Letter of credit

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Letters of credit issued by most banks around the world are subject to the UCP The conventions under the UCP were first adopted by the International Chamber of Commerce in and have subsequently been revised many times since then. Federal laws and some state laws, also govern letters of credit. Strict versus substantial compliance Under the UCP issuing banks are obligated to make payment under letters of credit when conforming documents bill of lading, packing list, invoice, certificates, etc.

The documents are to be in strict compliance with the terms stated on the letter of credit.

Generally, rulings in legal cases, revolving around the issue of payment when discrepant documents are presented, have come down on the side of strict compliance rather than substantial compliance. However, strict compliance does not demand oppressive perfectionism such as the misspelling of a word. A typical discrepancy, which would fall under the strict compliance rule, is that the invoice does not describe the goods exactly as specified in the terms of the letter of credit.

In practical terms this means that issuing banks make payments under letters of credit based on the examination of documents, not on the examination of the goods. The letter of credit does not protect the applicant from paying for the shipment of defective merchandise.

Types of Documentary Credit – a Comprehensive Guide

The applicant cannot wait until the goods arrive, examine the goods, and then approve payment under the letter of credit. If, after examination, the documents are found to be conforming, then the negotiating bank will courier the draft to the US reimbursing bank or send a telex or SWIFT transmission claim and courier the documents to the foreign issuing bank.

Return the documents to the exporter for correction, if possible and time permitting. Send the documents to the issuing bank on an approval basis.

Cable the issuing bank for authority to pay. The US negotiating bank is accepting a higher level of risk on negotiable credits because payment will not be made until the documents arrive at the issuing bank, and if discrepancies are found and the issuing bank may demand return of the funds.

This rarely happens, but is theoretically possible.

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Since the letter of credit is the legal obligation of the issuing bank, the decision to honor payment upon document issuer s option documentary non- documentary rests with the issuing bank or its designated negotiating bank. If the presented documents are not in compliance with the terms and conditions of the letter of credit, the documents may be sent to the issuing bank on an approval basis. The limit of this issuer s option documentary non- documentary time is seven banking days under the UCP rules.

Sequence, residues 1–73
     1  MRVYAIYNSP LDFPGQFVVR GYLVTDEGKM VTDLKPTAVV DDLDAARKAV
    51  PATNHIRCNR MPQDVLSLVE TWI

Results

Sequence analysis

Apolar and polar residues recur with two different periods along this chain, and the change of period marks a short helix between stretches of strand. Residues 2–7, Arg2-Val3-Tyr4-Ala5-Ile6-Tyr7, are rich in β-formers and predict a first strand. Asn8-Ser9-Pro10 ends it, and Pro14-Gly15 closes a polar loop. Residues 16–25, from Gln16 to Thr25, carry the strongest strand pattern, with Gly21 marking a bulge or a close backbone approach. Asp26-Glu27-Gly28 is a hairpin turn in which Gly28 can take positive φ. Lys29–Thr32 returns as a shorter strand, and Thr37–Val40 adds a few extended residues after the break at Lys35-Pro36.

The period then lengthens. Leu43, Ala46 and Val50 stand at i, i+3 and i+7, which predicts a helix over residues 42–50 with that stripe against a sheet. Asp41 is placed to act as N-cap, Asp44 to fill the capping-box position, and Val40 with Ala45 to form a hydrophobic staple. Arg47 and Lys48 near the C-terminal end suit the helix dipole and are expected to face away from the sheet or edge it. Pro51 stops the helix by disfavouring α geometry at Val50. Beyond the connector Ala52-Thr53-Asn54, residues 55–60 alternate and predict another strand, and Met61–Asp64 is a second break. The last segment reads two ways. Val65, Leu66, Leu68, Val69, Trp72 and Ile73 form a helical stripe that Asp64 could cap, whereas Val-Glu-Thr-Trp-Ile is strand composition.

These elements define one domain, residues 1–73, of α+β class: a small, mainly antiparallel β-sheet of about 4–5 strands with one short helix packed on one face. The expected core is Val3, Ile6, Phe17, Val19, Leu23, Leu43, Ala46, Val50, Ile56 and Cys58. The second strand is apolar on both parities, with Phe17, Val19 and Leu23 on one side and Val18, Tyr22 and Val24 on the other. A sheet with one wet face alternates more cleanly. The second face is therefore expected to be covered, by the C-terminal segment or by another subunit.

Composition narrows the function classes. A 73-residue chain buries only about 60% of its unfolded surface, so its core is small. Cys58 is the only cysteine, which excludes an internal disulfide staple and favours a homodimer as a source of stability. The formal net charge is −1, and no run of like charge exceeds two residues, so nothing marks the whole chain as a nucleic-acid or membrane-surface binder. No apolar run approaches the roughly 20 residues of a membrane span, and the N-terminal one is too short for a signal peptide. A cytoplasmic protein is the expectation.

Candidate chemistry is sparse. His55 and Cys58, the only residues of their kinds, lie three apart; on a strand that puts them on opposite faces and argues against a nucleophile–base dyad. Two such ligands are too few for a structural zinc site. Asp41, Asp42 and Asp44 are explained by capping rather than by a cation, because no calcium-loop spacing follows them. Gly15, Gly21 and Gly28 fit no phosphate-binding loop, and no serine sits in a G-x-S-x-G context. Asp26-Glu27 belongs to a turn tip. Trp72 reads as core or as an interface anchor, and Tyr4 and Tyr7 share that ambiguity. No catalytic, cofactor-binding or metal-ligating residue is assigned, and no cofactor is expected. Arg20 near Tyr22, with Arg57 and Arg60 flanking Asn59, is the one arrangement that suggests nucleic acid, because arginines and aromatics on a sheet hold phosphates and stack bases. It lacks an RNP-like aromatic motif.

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The time within which the issuing bank must give notice of discrepancies is the lesser of a reasonable time or seven banking days. Where the terms and conditions of the letter of credit are straightforward and uncomplicated, the reasonable time period would be much less than the seven days. The issuing bank may contact the applicant to determine if the applicant wants to waive the discrepancies and make payment under the letter of credit.

If the applicant decides not to waive the discrepancies, the consequences can be complicated. Since the exporter retains title to the goods, the exporter may have to arrange for disposal of the goods, clear customs, and pay demurrage charges.

The latest shipment date, and, The presentation period.

The buyer will always have more issuer s option documentary non- documentary over its bank than a seller in sending a SWIFT or telex follow-up to the foreign bank. In addition, a fax to the buyer will be much cheaper than having the bank follow-up with a SWIFT or telex, since the bank will charge for this service as well.